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‘Badlaav’ is the Buzz Word in Bihar Where Youth Wants to Give Young Tejashwi a Chance


The politics of Bihar changes every 15 years. A trend visible in the iconic Jayprakash Narayan movement is again taking shape in this year’s Bihar elections. For the first time in more than three decades, youth is emerging as a caste-agnostic constituency for a state leader.

While the Lalu-Rabri duo ruled the state for 15 years and Nitish Kumar took over from 2005 to 2020, Bihar’s youth has now voted for ‘badlaav’ (change) rising above the caste matrix.

“I am a Rajput. In 2010 and 2015 I was with the BJP. But this time I am rooting for Tejashwi Yadav. We want to remove Nitish Kumar. We are young and will obviously think about the youth. We want jobs. It’s been two years since I applied for a job at NTPC. It’s been long since I also appeared for state service commission exam,” said a young voter at Mahatma Gandhi Central University in Motihari in East Champaran which is known to be a saffron bastion.

At almost every rally that Rashtriya Janata Dal (RJD) leader Tejashwi Prasad Yadav attended, huge crowds of young men followed him in a wave. The 31-year-old seems to have driven home his promise of 10 lakh government jobs. He often repeated, in his rallies, that he will sign on his promise of jobs the day be becomes chief minister.

The RJD appears to have done the math behind it as well. The party has claimed that there are 4.5 lakh pending vacancies in the Bihar government already and another 5.5 lakh jobs need to be created.

The promise has found resonance among the youth, especially in a state where lack of employment is one of the biggest drivers of migration. The unemployment rate in Bihar was at 10.3 per cent last year and ranked among the highest in the country. According to CMIE, the state’s unemployment rate increased by 31.2 percentage points, rising to 46.6 per cent in April 2020, almost twice the national average.

The 64th round of the National Sample Survey stated that around 30.7 per cent of the total out-migrants from Bihar moved in search of employment as they could not find work.

Added to this is the fact that Bihar is India’s youngest state, according to Census 2011. And projections opine that its median age will be under 30 even 16 years from now, when the median age of India hovers around 34.7 years. According to Census 2011, Bihar’s median age currently stands at 20 years.

It was only for Prime Minister Narendra Modi that the youth had emerged as an undivided constituency in 2014 and 2019. It is for the first time that this trend is being repeated for a state leader.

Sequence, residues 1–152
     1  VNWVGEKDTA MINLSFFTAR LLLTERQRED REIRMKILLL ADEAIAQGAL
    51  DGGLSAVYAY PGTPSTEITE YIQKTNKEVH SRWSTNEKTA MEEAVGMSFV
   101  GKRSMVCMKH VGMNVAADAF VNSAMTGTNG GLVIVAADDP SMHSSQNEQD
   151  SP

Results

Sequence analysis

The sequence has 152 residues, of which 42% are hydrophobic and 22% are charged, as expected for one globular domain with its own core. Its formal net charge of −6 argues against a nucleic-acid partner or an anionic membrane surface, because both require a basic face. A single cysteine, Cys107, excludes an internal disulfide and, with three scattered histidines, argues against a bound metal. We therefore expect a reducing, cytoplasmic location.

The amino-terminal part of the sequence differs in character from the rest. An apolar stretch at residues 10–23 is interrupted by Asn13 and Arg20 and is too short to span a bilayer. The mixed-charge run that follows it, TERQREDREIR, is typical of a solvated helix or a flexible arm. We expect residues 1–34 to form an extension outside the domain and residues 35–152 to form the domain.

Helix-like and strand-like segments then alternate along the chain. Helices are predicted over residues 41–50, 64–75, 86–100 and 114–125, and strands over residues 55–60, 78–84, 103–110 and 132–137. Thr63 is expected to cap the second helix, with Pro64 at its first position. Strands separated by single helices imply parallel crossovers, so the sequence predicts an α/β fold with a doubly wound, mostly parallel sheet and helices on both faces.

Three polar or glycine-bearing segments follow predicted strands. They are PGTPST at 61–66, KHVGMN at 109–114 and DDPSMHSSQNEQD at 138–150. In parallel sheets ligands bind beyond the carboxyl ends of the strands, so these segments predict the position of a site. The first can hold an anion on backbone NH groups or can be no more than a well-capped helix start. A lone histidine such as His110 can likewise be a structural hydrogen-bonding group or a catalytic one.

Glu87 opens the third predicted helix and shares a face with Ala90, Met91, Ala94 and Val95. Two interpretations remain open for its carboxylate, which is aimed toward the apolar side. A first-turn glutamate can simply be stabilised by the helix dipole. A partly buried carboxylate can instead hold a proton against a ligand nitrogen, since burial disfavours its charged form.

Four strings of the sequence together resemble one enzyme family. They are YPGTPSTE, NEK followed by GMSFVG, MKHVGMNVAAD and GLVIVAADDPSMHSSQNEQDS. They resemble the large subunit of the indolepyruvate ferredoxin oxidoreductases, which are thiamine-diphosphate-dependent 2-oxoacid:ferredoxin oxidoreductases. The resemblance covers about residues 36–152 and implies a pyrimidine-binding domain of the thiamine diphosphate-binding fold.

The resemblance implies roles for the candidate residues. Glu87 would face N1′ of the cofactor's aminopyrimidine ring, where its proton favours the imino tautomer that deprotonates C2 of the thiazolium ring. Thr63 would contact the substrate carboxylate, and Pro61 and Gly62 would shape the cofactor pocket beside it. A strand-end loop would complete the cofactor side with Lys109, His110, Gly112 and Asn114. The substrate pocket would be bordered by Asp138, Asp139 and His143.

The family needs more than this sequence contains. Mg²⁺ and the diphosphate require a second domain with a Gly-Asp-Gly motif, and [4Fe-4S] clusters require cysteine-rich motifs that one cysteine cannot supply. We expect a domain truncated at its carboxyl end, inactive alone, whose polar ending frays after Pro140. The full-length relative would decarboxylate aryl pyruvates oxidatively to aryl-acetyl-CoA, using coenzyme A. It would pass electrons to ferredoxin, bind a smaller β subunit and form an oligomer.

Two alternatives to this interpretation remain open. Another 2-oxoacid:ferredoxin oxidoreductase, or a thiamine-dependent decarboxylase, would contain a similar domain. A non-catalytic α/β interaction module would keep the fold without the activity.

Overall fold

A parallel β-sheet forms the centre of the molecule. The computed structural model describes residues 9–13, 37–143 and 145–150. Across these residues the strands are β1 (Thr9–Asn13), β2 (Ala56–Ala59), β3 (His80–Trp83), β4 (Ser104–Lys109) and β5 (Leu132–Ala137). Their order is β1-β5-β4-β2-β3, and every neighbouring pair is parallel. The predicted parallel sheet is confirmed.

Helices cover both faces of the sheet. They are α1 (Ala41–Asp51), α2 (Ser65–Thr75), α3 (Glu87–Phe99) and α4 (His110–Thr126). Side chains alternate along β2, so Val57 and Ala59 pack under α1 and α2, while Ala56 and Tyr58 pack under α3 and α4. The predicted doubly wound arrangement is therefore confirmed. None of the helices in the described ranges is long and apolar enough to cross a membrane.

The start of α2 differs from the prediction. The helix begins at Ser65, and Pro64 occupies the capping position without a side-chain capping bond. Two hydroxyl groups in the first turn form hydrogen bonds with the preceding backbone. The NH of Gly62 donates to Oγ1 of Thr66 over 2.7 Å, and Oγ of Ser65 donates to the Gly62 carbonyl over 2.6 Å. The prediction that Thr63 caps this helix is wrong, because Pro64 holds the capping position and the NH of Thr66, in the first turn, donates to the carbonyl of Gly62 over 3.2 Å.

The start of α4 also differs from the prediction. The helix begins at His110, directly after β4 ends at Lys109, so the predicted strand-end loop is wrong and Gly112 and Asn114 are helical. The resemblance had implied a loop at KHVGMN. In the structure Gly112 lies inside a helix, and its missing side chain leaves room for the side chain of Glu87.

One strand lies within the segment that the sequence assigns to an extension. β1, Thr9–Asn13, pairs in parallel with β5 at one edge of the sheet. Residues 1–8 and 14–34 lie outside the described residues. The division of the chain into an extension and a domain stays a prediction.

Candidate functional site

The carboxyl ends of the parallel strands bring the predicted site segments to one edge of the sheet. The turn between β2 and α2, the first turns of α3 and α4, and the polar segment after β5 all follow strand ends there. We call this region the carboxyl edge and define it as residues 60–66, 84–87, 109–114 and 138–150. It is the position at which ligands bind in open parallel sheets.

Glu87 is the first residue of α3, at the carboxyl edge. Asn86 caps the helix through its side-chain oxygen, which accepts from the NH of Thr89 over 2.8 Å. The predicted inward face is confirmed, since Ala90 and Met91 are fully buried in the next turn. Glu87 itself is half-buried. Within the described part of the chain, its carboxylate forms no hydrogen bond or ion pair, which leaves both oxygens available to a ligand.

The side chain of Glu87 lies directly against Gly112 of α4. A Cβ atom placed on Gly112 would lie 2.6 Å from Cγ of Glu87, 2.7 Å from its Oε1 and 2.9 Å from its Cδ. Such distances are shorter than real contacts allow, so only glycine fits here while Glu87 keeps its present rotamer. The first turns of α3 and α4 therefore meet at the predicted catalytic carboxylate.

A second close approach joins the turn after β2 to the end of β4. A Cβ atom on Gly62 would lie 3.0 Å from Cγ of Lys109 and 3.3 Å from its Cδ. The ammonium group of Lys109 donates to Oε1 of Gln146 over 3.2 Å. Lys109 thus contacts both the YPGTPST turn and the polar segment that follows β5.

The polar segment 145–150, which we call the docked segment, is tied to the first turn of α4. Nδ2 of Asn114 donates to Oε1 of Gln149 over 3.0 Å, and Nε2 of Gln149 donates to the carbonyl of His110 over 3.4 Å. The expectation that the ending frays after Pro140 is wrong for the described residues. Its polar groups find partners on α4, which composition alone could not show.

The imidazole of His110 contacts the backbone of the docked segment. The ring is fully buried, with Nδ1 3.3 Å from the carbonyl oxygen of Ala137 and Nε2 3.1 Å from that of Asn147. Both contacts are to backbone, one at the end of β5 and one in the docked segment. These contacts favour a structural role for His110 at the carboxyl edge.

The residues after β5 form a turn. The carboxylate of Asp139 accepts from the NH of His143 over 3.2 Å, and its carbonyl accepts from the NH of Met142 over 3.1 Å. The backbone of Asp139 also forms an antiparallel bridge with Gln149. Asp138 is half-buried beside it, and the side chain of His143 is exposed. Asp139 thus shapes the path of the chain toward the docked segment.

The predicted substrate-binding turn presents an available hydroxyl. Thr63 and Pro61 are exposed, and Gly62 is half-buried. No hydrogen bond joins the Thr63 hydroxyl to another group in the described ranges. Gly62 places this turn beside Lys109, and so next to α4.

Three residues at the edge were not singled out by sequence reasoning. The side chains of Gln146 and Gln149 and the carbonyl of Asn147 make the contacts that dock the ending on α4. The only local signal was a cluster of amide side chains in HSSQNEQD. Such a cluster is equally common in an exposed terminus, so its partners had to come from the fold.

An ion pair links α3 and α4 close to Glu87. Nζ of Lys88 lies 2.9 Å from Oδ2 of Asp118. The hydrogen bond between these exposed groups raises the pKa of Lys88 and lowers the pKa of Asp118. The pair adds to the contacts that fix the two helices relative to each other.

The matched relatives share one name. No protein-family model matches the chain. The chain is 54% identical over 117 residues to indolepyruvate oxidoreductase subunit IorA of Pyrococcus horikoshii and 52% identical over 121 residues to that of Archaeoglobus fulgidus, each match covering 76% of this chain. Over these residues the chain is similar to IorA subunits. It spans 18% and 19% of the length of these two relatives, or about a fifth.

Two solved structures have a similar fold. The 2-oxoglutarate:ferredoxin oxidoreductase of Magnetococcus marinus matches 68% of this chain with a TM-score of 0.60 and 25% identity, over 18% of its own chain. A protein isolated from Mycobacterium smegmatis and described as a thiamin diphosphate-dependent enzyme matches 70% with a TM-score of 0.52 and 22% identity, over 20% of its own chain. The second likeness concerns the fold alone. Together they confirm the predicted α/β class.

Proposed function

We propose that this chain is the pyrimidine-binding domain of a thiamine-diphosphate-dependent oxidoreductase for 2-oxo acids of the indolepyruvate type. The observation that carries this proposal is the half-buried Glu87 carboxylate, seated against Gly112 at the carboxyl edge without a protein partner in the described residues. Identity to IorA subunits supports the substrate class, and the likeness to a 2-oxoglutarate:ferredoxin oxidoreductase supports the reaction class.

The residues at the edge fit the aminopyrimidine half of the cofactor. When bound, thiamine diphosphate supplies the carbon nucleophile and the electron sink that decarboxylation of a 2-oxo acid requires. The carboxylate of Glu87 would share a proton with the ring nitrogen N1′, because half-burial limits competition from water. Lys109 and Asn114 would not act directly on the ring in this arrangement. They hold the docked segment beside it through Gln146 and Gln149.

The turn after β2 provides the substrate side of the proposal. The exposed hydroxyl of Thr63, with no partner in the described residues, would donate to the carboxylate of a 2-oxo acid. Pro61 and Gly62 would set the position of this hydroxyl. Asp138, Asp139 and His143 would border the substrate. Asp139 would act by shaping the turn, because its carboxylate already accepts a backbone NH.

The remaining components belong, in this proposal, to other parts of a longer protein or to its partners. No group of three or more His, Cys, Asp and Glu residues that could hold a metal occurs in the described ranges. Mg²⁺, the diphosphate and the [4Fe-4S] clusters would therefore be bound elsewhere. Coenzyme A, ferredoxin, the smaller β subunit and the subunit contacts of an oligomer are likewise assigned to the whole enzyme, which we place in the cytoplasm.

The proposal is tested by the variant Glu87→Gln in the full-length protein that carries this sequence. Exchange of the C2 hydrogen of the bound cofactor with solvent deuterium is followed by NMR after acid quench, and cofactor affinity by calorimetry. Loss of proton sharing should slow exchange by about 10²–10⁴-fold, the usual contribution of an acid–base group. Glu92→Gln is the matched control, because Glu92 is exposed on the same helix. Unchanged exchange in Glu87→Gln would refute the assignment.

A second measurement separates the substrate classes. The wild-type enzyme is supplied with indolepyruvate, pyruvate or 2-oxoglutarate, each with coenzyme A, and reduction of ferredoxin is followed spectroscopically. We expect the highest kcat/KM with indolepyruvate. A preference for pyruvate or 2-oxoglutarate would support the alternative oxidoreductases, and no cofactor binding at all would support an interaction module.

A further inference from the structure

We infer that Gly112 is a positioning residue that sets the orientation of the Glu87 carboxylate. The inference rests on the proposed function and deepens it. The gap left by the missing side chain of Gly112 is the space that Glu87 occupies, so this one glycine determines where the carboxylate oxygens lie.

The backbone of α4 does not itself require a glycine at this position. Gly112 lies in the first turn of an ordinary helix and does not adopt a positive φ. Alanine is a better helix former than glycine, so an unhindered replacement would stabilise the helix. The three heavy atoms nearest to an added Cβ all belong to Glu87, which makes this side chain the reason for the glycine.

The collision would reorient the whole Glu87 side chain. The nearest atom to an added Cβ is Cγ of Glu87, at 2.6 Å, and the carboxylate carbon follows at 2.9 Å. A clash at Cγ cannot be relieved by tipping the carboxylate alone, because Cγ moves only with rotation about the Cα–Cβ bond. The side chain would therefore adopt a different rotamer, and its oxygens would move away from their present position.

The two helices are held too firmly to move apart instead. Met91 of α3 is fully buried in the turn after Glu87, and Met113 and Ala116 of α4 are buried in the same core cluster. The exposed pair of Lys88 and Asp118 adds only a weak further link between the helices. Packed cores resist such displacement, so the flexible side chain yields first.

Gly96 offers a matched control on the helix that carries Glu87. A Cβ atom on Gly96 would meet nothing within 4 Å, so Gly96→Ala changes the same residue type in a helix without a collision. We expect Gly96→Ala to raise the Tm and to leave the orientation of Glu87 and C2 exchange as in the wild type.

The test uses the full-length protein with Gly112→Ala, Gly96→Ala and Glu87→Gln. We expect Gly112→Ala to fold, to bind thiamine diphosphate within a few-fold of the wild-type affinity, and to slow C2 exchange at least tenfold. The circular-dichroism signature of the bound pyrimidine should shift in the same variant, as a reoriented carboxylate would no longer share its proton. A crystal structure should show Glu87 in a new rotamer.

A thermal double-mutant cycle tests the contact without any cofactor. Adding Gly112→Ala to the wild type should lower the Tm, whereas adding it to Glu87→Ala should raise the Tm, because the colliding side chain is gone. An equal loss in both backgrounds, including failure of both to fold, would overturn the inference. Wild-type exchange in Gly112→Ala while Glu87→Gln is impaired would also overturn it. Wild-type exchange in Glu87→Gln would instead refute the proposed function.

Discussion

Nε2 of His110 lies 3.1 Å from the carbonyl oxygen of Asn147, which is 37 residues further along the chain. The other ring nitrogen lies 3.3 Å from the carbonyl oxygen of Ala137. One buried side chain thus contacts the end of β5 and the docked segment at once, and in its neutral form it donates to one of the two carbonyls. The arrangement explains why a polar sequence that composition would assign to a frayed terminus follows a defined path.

Bihar’s youth has not been a close spectator to policy-level changes related to caste. People born after the Mandal Commission, which was implemented in 1990, will be voting for their first elections this time. On August 7, 1990, then PM V P Singh announced in Parliament that his government had accepted the Mandal Commission report, which recommended 27 percent reservation for OBC candidates at all levels of its services.

This young constituency also lived no experiences of what the BJP-JD(U) termed as the ‘jungle-raj’ to attack the opposition pointing towards the Lalu-Rabri regime.

For young voters, this election is very different from the recent ones they have witnessed, which is why the shift towards Tejashwi came about only after arguments between different generations.

“For the last 15 years Nitish Kumar has been saying the state needs special status. I can’t believe he doesn’t have a plan for the state. He has said Bihar is landlocked, there is no sea near the state so he can’t develop and there cannot be any jobs. Then what has he been elected for? Such is the state of education in Bihar that a three-year undergraduate course gets completed in 6 years, we don’t get degrees on time,” said another young voter in Bihar’s Maner Sharif.

Nitish’s image of ‘Susashan Babu’ also seems to have become stale in the eyes of the young voter. Bihar’s demands have moved beyond Nitish’s age-old poll promise of bijli, paani aur sadak. As part of a welfare scheme, in order to promote education and safety, he had provided cycles to young girls throughout the state but even that seems to have proved wanting of direction and further vision.

“The state has somewhat developed but Bihar has still not been able to achieve its desirable potential. Roads and electricity are there on the priority list but our education is not taken care of. We don’t believe in this double-engine government. Nitish Kumar gave us cycles but now what lies ahead? The government must change,” said a girl student of LN Mithila University in Darbhanga.

This is exactly where Tejashwi Yadav appears to have cashed in. He was quick to learn that Lalu Yadav’s call for secularism and social justice was not relatable to the post-Mandal, post-Babri generation. Therefore the clarion call for jobs. He also promised pay parity to over five lakh contract teachers along with raising salaries for aanganwadi and ASHA workers.

The extent of job distress in Bihar maybe gauged from the fact that a young voter in Nitish’s rally said, “I am a post graduate degree holder and I have not been able to find a job for the last seven years. I keep going to state offices in search for a job but have always been turned away.”

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